175g Caster Sugar


Method:

A 1.2 litre basin well buttered, some foil, greaseproof paper, string and a steamer or large pan.

After buttering the basin add 3 tablespoons of Blueberry Jam and some blueberries to the bottom. In a large mixing bowl sift the flour and baking powder into it. Add the softened butter, sugar, eggs and lemon zest. Whisk together with an electric hand whisk for around 2 minutes until it is well mixed. Spoon the mixture into the basin and smooth the top out with a large spoon.

Lay some greaseproof paper onto the work surface and the same size of foil on top of it. Be careful to ensure that you have it large enough to cover the top of the basin with extra to wrap around the sides. Form a pleat in both the paper and the foil together and place over the top of the basin with the foil uppermost. Carefully smooth the foil and paper down around the basin and tie in place with some string. Form a "handle" of string over the top of the basin to enable you to lift the basin in and out of the steamer.

Steam the pudding for 2 hours making sure to check the water level every 30 minutes to ensure that it doesn't boil dry.

Serve with vanilla sauce.

Plain Jane...


...or pure deliciousness.

Sunday, April 18, 2010

Virginian Brunswick Stew


2010 April Daring Cooks challenge was hosted by Wolf of Wolf’s Den. She chose to challenge Daring Cooks to make Brunswick Stew. Wolf chose recipes for her challenge from The Lee Bros. Southern Cookbook by Matt Lee and Ted Lee, and from the Callaway, Virginia Ruritan Club.

Brunswick Stew recipe
from the Callaway, Va Ruritan Club, served yearly at the Blue Ridge Folklife Festival in Ferrum, Va.

Serves about 10

2 ½ lb TOTAL diced stewed chicken, turkey, and ham, with broth - yes, all three meats
3 medium diced potatoes
2 medium ripe crushed tomatoes
2 medium diced onions
3 cups/ 689.76 grams / 24.228oz frozen corn
1 ½ cups / 344.88 grams / 12.114oz frozen lima beans
4-5 strips crumbled bacon
½ stick / 4 tablespoons / ¼ cup / 56.94 grams / 2oz of butter
1 Tablespoon / 14.235 grams / .5 oz sugar
1 Tablespoon / 14.235 grams / .5 oz ‘Poultry Seasoning’
Dash of red pepper
2 diced carrots (optional)
Tomato juice

In large stock pot or Dutch Oven, mix all ingredients, heat until bubbly and hot. Add salt and pepper to taste. Add tomato juice as desired. Cook until all vegetables are tender. Serve hot.

Update! It was really delicious, and tasted even better the next day!

Tuesday, March 30, 2010

Chocolate Cheesecake...again.

Once again I made this chocolate cheesecake, this time for a 40th birthday party. It has become one of my favorite cheesecake recipes, and it never fails! As decoration I used white chocolate, raspberries and cream cheese frosting. Enjoy!







Friday, March 12, 2010

Love at first bite

The 2010 March Daring Cooks challenge was hosted by Eleanor of MelbournefoodGeek and Jess of Jessthebaker. They chose to challenge Daring Cooks to make risotto. The various components of their challenge recipe are based on input from the Australian Masterchef cookbook and the cookbook Moorish by Greg Malouf.

Having skipped last month's challenges, I felt like it was time to get back in the saddle! There has been a lot going on with work, and I also made a visit to Sweden. So, even though I love me some Tiramisú (February's Daring Baker's Challenge) and meze (February's Daring Cooks Challenge), I decided to make them some other time.

Anyway, I was really excited about this challenge! I must say, shockingly enough, that I had never had risotto before. It was so good! Learning the versatility of it and how easily it is made, along with the high deliciousness factor, I'll will definitely make it again.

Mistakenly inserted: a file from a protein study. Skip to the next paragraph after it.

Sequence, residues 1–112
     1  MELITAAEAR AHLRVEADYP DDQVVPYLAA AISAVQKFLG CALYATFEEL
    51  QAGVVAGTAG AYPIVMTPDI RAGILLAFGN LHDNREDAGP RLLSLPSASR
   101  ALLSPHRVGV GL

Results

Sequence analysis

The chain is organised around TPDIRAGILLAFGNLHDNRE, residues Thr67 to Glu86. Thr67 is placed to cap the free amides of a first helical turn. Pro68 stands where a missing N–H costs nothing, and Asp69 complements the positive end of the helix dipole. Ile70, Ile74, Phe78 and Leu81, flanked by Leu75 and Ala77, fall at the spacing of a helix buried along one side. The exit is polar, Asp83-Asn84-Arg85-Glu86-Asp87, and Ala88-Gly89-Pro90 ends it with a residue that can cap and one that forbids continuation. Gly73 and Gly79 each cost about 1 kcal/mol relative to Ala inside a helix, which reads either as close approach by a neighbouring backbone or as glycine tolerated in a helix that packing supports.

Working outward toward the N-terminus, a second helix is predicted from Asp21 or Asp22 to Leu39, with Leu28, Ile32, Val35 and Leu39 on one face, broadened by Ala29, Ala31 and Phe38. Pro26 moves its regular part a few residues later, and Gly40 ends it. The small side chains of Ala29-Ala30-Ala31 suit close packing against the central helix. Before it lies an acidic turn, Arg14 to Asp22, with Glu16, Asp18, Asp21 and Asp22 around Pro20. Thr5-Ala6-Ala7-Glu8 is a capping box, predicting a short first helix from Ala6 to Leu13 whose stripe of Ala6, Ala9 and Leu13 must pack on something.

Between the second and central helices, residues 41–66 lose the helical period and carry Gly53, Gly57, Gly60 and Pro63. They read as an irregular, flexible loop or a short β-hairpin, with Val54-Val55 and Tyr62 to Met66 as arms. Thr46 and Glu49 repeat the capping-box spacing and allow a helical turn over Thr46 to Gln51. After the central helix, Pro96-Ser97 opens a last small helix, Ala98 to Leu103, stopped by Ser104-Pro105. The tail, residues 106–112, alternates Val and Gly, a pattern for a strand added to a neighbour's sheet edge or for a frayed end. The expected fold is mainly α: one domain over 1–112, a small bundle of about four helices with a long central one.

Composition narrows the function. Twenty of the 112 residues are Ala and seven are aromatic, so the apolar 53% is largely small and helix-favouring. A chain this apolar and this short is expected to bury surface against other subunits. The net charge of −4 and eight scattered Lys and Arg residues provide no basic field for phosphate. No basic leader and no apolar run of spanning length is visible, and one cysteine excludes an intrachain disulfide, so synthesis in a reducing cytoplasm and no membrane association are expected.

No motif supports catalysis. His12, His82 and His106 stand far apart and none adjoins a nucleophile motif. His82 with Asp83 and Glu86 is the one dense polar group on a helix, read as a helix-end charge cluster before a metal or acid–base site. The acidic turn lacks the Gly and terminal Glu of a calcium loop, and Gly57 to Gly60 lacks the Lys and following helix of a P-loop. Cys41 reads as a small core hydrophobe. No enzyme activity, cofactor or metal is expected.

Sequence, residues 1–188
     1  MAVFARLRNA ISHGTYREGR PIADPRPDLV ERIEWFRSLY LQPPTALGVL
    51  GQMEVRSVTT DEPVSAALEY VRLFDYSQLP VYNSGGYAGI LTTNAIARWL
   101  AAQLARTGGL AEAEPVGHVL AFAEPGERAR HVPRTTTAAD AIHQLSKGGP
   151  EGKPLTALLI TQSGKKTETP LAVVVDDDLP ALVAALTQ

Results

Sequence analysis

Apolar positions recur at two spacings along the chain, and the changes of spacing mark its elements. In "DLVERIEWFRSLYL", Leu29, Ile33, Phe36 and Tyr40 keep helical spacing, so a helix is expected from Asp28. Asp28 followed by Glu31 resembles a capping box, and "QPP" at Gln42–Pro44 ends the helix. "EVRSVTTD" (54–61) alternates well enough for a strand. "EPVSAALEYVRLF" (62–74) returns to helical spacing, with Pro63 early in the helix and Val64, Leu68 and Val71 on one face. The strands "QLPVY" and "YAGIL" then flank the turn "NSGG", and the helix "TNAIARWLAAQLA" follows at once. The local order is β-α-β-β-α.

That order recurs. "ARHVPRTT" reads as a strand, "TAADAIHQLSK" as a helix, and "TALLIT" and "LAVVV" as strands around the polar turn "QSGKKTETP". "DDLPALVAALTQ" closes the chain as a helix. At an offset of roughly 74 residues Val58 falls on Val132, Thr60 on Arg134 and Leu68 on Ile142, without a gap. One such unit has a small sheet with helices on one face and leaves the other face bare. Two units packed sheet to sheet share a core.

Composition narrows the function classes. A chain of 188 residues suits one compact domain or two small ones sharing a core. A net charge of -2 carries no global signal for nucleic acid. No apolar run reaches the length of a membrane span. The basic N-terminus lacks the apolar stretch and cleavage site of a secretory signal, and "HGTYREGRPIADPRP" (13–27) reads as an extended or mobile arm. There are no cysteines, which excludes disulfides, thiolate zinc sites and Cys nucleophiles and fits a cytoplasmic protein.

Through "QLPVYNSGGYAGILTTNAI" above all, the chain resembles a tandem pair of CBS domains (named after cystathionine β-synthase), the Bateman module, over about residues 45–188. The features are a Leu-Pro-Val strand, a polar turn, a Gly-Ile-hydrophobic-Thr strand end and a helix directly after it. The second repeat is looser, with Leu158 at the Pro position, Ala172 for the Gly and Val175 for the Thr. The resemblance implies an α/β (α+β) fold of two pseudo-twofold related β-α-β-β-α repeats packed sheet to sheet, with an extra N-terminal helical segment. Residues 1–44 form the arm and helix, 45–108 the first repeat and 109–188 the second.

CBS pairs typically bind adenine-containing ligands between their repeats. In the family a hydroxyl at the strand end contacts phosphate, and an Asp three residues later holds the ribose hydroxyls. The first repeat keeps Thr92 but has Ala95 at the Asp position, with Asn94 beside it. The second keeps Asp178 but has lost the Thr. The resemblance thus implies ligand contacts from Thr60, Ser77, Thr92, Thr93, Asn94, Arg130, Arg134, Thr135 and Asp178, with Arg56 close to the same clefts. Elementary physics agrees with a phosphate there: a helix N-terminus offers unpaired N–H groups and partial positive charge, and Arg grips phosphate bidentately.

Preparation time:

Stock: 20 minutes prep time, 3 hours cooking.
Lemon Risotto: 10 minutes prep time, 20-30 minutes cooking.


Chicken Stock

Ingredients:

1 large chicken 2-3 pounds about 1 kg
chicken bones 2-3 pounds 1 kg
2 onions, roughly diced
1 medium leek - white part only, roughly diced
2 sticks celery, roughly diced
2 cloves garlic, halved
1 cinnamon stick
1 tsp. white peppercorns ( Any type of whole peppercorn will do)
2 bay leaves (fresh or dried, it doesn't matter.)
peel of 1/2 lemon
1/4 tsp. allspice

Directions:

  1. Wash the chicken and bones and places in a 5 Litre pot, cover completely with water and bring to a boil
  2. Skim away any scum as it comes to the surface
  3. Add the vegetables and bring back to a boil
  4. Add the rest remaining ingredients and simmer very gently, uncovered for 1.5 hours
  5. Carefully lift out the chicken, set aside. The chicken meat can be removed from the chicken, shredded off and used for other things like soup!
  6. Simmer the stock gently for another hour. At , at the end you should have around 2 Liters
  7. Carefully ladle the liquid into a fine sieve, the less the bones and vegetables are disturbed in this process the clearer the stock will be. 
The stock is now ready for use. Freeze what you don't need for later use.


Risotto Base

Ingredients:

olive oil 2 fluid oz 60 ml
1 small onion, quatered
rice 14 oz 400g
Any type of risotto rice will do. I use Arborio but the recipe itself says Vialone Nano. Another to look for is Carnaroli.
white wine 2 fl oz 60 ml
chicken or vegetable stock , simmering 2 pints 1 L

Directions:

  1. Heat oil in a pan and add onion. Fry for a few minutes to flavour the oil then discard. (We diced ours and left it in as we like onion).
  2. Add the rice and stir for a few minutes to coat each grain of rice with oil and toast slightly.
  3. Add the wine and let it bubble away until evaporated.
  4. Add enough stock to cover the rice by a finger’s width (about an inch or two). Don't actually stick your finger in, it will be hot. Just eye it off.
  5. Cook on medium heat, stirring with a wooden spoon from time to time, until most of the stock has been absorbed.
  6. Repeat Step 5 making sure to leave aside approximately 100 ml. of stock for the final step. .
  7. Repeat, save 100ml for the final stage.
  8. Once you are at this point, the base is made. You now get to add your own variation.
I used zest from one lemon, mushrooms, chives, parmesan and a few tablespoons unsalted butter cut into small cubes. It turned out delicious! My husband cooked some steaks (to perfection!). It went wonderful together with the risotto.


Bon apetit!